An important element to this framework is a public-private financing mechanism that could cover the critical response costs, items (C) & (D), beyond the public funds essential to (A) , (C) and (D)

• 

The World Bank contracted the leading reinsurance and catastrophe modelling companies to create an insurance/investment product to address this funding gap and devise a solution that enables the transfer of this risk to the private markets

• 

Premiums will be supported by donations from some G7 countries

It is the belief of World Bank and WHO that alongside investments in data reporting, surveillance, and preparedness, the PEF can potentially be a game changer in global pandemic response.


PEF: Value proposition •  Responsiveness – The PEF is timed to complement the WHO’s Contingency Fund for Emergencies (CFE) and will be triggered at or near the onset of an event with pandemic potential. •  Speed of delivery: The PEF is designed to deliver resources quickly and effectively to where they are most needed •  Engagement with Private Sector - The private sector’s involvement will bring the contractual rigor that’s needed to respond quickly. •  Market development – PEF contributes to the long term design and improvement of data around pandemics, and creates a market to help sovereigns manage pandemic risk.

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PEF: Parametric Trigger •  Parametric trigger based on confirmed cases and deaths over a prescribed period of time in at least a specified number of covered countries as reported publicly by the WHO (in some cases with graduated payout functions). •  The exact number of cases differs by disease family. •  As a purely hypothetical example, 1000 cases in a one month period (with cases occurring in at least three covered countries) will trigger for a disease – with 250 confirmed deaths triggering a 25% payout and 2000 deaths triggering a 100% payout.

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PEF Bond Structure Issuer Risk Profile Coverage Area

Outbreak/Epidemic/Pandemics caused by certain viruses 137 Countries (low income and middle income countries globally)

Trigger Type

Parametric trigger

Trigger Data

Confirmed Cases, Probable Cases, Confirmed Deaths, Countries affected

Reporting Source Term Structurers Calculation Agent

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International Bank for Reconstruction and Development (IBRD)

World Health Organization (WHO) – Situation Reports and/or Disease Outbreak News published publically Three years with a one year extension option Swiss Re and Munich Re AIR Worldwide Ltd.


Contacts SECTION TITLE Miguel Navarro

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Head of Banking Products

Washington DC

+1(202)3610418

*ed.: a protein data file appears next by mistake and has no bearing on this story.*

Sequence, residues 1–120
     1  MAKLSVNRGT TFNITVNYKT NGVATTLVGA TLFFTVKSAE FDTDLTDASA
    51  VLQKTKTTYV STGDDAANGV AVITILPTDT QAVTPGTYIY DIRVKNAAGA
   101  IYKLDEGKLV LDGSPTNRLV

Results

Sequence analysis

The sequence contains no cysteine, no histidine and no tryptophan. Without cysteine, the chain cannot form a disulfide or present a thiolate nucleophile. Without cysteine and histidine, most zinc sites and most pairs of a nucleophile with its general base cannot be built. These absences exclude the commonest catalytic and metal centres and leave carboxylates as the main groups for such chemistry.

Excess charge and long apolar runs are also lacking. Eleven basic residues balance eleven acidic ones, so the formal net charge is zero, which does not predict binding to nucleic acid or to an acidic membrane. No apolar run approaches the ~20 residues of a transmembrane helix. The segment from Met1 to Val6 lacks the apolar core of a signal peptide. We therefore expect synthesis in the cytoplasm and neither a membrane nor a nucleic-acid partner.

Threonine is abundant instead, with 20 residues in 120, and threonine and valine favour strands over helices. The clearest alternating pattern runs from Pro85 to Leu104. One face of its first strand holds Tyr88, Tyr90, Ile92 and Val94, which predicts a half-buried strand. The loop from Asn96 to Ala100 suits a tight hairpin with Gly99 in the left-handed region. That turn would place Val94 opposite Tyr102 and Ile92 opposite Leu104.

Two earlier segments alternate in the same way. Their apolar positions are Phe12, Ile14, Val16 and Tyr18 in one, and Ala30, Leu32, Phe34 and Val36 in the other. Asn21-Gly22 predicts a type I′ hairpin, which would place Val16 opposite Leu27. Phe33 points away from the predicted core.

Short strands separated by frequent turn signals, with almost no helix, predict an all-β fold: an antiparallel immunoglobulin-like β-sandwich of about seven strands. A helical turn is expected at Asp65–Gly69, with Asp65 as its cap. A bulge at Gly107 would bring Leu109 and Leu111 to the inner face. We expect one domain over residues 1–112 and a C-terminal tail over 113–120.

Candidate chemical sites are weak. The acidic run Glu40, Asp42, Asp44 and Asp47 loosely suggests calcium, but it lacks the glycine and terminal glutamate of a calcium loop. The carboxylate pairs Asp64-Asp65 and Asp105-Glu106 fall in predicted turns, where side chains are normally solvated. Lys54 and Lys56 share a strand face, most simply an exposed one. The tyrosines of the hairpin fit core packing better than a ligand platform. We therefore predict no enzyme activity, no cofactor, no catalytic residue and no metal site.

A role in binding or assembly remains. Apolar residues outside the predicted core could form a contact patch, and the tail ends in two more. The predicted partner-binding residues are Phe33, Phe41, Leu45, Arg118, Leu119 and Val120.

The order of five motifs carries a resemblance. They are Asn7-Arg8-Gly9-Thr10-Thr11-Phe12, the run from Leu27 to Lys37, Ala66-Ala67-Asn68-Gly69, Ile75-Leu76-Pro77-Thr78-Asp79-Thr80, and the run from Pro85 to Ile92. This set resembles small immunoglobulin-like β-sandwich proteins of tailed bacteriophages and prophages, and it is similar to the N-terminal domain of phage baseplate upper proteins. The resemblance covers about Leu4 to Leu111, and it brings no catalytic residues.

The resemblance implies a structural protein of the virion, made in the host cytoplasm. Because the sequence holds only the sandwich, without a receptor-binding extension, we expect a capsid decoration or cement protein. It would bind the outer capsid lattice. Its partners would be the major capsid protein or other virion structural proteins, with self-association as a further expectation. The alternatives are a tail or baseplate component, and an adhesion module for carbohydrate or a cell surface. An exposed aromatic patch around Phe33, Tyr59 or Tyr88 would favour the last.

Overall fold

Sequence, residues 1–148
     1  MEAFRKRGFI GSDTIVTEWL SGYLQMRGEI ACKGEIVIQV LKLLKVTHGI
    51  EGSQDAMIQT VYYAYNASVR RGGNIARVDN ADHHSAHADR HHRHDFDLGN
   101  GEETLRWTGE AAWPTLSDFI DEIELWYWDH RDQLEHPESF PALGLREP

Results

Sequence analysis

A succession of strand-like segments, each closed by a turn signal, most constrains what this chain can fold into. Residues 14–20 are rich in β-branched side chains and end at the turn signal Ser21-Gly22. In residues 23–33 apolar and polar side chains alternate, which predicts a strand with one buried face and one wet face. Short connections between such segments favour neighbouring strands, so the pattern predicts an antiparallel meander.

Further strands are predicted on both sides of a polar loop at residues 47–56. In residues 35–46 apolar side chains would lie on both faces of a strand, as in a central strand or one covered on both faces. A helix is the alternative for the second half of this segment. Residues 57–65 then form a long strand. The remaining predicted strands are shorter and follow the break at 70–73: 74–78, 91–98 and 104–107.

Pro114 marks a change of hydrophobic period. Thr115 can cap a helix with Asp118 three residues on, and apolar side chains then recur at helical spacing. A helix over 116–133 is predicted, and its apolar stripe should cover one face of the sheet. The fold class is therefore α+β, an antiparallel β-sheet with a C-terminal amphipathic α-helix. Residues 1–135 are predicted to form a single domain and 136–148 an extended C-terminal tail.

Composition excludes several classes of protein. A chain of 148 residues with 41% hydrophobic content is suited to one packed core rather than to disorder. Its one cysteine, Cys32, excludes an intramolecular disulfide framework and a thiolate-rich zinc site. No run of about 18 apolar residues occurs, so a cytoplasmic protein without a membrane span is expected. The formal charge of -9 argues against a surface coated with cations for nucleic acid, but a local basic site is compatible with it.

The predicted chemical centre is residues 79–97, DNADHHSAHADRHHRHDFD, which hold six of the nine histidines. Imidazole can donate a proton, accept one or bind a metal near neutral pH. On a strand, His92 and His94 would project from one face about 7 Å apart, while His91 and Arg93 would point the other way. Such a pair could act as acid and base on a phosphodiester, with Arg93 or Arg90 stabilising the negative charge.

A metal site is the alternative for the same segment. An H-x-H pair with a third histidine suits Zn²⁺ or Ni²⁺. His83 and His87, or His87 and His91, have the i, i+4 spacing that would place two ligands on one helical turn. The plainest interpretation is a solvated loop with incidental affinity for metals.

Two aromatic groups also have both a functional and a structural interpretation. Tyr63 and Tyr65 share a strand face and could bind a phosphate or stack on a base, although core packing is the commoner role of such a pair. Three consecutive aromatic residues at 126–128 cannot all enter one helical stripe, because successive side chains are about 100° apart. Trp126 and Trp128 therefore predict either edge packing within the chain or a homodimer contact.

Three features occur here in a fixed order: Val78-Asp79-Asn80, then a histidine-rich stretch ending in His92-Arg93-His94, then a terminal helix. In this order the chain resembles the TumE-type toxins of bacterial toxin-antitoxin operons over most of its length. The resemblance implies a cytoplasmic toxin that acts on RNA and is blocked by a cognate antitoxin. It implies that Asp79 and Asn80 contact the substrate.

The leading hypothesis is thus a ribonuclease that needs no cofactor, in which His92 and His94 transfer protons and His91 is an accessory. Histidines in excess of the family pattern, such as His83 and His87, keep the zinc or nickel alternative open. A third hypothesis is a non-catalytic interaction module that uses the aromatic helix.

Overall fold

mnavarromartin@worldbank.org


Annex • 

Global Index Insurance Facility (GIIF)

• 

Agriculture Insurance Development Program (AIDP)

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Parametric Risk Insurance Global Index Insurance Facility (GIIF)


Global Index Insurance Facility: Overview

Based on implementation challenges and lessons learned (since its official launch in Dec 2009), the Program gradually put more emphasis on the priority areas below to adjust to ground realities: §  §  §  § 

23

Scaling-up, Developing sustainability (commercially) Crowding-in more private sector players Promoting more Public Private Partnerships


Global Index Insurance Facility (GIIF): Objectives •  Develop sustainable local markets for index-based insurance to mitigate weather and natural catastrophe risks in developing countries. •  Improve lending in the agricultural sector through the mitigation of weather risks for farmers and encouraging the adoption of productive inputs. •  Mobilize local private sector / global players to distribute and promote index-based insurance products. •  Establish knowledge management and distribution platform on index insurance.

GIIF works with local financial institutions, insurance companies, agri-sector institutions and regulatory bodies to build capacity and develop new markets 24


Examples of Private Sector Partnerships in Africa Country

Data providers

Insurers

Reinsurers

Distributors

Mali

EARS, IRI

Allianz Mali

Swiss Re, Cica Re, Africa Re

COPROCUMA (maize union), UNSCPC (cotton union), BIM (commercial bank)

Burkina Faso

EARS, IRI

Allianz Burkina

Swiss Re, Cica Re, Africa Re

Ecobank, Sofitex (cotton company), RCPB (MFI), SN CITEC

Senegal

EARS, IRI, CIRAD

CNAAS (state insurer)

Swiss Re, Cica Re, Africa Re

CCPA and RNCPS, FEPROMAS (producer organizations), CNCAS, ACEP and PAMECAS (MFIs)

Benin

EARS, IRI

AMAB

Swiss Re, Cica Re, Africa Re

FECECAM (MFI network)

Kenya

IRI (ARC2), Syngenta weather stations

UAP

Swiss Re, Africa Re

Once Acre Fund (MFI); National Bank of Kenya (commercial bank); Kenya Seed (agribusiness – buyer); SeedCo, Syngenta East Africa DFU (agribusiness input); Nuru International

Rwanda

IRI (ARC2), University of Reading (TAMSATT)

Soras

Swiss Re, Africa Re